(4) Foreign Service staff officers and employees, who shall be appointed in accordance with the provisions of section 936 of this title and who shall include all personnel who are citizens of the United States, not comprehended under paragraphs (1), (2), (3), and (6) of this section, and who shall occupy positions with technical, administrative, fiscal, clerical, or custodial responsibilities;

(5) Alien clerks and employees, who shall be appointed in accordance with the provisions of section 946 of this title; and

(6) Consular agents, who shall be appointed in accordance with the provisions of section 951 of this title.

22 U.S.C. § 861 (1976) (repealed 1980). Each category is governed by a separate pay scale, see 22 U.S.C. §§ 866-877, and by differing statutory requirements with respect to appointment, assignments, transfer, tenure, and citizenship. See 22 U.S.C. §§ 906-968.

Two categories are particularly important here: Foreign Service Officers, generally

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referred to as "FSOs"; and Foreign Service Staff Officers, or "FSSOs". Foreign Service Officers play the central role in day-to-day implementation of foreign policy. As described by the State Department, FSOs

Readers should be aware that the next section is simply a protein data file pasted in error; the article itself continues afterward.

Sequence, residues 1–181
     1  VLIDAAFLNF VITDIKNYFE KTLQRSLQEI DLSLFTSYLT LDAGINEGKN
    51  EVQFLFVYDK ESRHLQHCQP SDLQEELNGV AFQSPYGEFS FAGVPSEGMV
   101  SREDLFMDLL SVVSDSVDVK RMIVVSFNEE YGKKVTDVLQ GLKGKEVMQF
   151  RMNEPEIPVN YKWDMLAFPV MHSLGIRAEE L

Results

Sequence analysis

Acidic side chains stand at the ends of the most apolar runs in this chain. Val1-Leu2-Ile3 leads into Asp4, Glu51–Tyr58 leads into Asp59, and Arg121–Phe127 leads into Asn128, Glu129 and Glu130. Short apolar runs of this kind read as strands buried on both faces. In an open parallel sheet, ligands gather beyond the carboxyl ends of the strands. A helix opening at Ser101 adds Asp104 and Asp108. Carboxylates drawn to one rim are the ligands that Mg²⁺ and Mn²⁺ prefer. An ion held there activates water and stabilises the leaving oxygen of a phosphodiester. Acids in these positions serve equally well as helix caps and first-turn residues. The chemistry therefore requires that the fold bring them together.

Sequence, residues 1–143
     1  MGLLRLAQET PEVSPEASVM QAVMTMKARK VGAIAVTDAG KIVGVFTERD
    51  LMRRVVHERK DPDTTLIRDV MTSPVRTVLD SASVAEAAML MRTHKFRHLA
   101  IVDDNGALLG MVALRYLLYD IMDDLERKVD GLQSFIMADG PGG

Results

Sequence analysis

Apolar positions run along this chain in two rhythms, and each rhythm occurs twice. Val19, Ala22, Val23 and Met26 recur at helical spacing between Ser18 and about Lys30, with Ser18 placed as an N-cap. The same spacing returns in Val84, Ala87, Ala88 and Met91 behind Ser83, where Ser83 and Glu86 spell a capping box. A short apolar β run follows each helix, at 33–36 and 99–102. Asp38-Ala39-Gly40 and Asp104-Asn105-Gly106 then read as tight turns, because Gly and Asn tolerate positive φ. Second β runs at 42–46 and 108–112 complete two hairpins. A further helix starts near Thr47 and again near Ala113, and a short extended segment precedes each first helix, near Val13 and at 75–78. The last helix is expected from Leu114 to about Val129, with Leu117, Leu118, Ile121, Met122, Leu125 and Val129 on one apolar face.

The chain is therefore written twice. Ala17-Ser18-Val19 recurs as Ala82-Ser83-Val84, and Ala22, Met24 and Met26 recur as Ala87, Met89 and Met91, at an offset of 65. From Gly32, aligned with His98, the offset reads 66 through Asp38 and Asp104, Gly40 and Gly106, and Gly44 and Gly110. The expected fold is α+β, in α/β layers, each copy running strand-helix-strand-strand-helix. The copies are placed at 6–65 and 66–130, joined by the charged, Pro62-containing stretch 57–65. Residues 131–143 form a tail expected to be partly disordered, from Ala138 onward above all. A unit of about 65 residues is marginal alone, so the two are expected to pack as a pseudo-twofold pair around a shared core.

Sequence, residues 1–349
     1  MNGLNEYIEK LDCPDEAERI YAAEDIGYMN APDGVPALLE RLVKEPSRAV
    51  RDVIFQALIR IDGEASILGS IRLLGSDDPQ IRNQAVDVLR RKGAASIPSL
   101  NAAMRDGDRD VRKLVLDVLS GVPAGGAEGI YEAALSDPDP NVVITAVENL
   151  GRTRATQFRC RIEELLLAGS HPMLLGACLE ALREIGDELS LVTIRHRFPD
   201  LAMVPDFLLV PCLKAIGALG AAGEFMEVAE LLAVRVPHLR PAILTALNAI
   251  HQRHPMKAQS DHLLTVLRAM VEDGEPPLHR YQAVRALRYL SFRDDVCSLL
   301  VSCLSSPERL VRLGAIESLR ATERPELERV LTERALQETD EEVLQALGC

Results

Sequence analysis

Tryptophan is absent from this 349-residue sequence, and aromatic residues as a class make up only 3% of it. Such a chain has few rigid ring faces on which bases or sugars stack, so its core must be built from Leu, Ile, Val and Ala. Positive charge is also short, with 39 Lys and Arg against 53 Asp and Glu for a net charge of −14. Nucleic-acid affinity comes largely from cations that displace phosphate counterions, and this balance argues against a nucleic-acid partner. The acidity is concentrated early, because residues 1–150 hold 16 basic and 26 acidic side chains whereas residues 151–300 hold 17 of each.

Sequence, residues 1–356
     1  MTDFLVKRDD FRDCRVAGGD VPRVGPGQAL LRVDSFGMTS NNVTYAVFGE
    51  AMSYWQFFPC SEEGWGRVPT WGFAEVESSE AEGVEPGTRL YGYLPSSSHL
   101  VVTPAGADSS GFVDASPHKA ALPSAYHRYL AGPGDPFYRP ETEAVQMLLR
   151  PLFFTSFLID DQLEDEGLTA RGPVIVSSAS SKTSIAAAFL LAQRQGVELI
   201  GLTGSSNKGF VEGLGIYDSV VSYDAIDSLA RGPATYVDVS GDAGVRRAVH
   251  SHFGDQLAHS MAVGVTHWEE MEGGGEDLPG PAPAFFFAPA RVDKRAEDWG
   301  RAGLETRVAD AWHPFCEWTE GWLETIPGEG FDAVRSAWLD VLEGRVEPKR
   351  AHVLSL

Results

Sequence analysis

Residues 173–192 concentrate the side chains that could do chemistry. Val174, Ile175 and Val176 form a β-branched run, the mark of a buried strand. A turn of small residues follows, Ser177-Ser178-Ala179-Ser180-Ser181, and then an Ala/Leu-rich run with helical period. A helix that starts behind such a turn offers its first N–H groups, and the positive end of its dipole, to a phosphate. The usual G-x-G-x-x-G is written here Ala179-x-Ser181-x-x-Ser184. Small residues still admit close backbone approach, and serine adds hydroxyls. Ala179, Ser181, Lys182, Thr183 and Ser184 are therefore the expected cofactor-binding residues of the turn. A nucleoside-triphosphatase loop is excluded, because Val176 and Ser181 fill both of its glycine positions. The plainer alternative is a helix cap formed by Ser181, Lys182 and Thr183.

carry out the foreign policies of the United States under the direction of the Secretary of State, participate in the formulation of those policies, represent the United States in relations with other governments and with international organizations, keep the U. S. Government informed of developments abroad, and protect American interests in foreign countries.

Introduction to 1971 Foreign Service Officer Examination 6. (J.A. 33) Foreign Service Officers "fill most of the more responsible positions in the (State) Department, aside from those requiring a high degree of technical or professional specialization in fields such as medicine, science, electronics, law, etc." Introduction to 1972 Foreign Service Officer Examination 5. (J.A. 35) The category of Foreign Service Staff Officer or "FSSO" no longer exists, having been abolished by the Foreign Service Act of 1980. 2 At the time of the events in this case, Department regulations described the category as

A corps of Staff Officers complementary to Foreign Service Officers and Foreign Service Reserve Officers, to give depth, stability, and continuity to the Foreign Service as a whole and to provide technical skills and experience not usually found in officers who are available to the Service in general foreign affairs work.

Foreign Affairs Manual Circular No. 255 at 2 (November 25, 1964). (J.A. 37) In 1965 the Foreign Service permitted FSSOs to perform duties previously performed only by FSOs, and established a new Junior FSSO Service designed to attract "highly motivated and well-qualified young men and women from colleges and universities ...." Id. at 5. (J.A. 40) Consequently, in the time period relevant here, FSSOs often had duties entailing substantial responsibility.